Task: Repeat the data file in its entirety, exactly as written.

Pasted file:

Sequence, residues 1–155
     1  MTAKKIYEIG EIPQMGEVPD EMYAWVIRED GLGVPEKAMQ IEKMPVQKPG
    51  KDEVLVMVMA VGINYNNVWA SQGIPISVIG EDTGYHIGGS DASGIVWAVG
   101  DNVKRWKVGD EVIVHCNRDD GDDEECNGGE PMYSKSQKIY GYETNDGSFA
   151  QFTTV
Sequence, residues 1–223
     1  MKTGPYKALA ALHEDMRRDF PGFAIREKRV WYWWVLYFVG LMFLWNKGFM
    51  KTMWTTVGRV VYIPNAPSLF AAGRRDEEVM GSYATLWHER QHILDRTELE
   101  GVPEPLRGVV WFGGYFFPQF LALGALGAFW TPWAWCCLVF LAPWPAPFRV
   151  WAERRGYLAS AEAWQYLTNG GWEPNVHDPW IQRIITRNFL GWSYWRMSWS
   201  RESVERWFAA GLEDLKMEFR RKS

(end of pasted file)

Sequence, residues 1–155
     1  MTAKKIYEIG EIPQMGEVPD EMYAWVIRED GLGVPEKAMQ IEKMPVQKPG
    51  KDEVLVMVMA VGINYNNVWA SQGIPISVIG EDTGYHIGGS DASGIVWAVG
   101  DNVKRWKVGD EVIVHCNRDD GDDEECNGGE PMYSKSQKIY GYETNDGSFA
   151  QFTTV
Sequence, residues 1–223
     1  MKTGPYKALA ALHEDMRRDF PGFAIREKRV WYWWVLYFVG LMFLWNKGFM
    51  KTMWTTVGRV VYIPNAPSLF AAGRRDEEVM GSYATLWHER QHILDRTELE
   101  GVPEPLRGVV WFGGYFFPQF LALGALGAFW TPWAWCCLVF LAPWPAPFRV
   151  WAERRGYLAS AEAWQYLTNG GWEPNVHDPW IQRIITRNFL GWSYWRMSWS
   201  RESVERWFAA GLEDLKMEFR RKS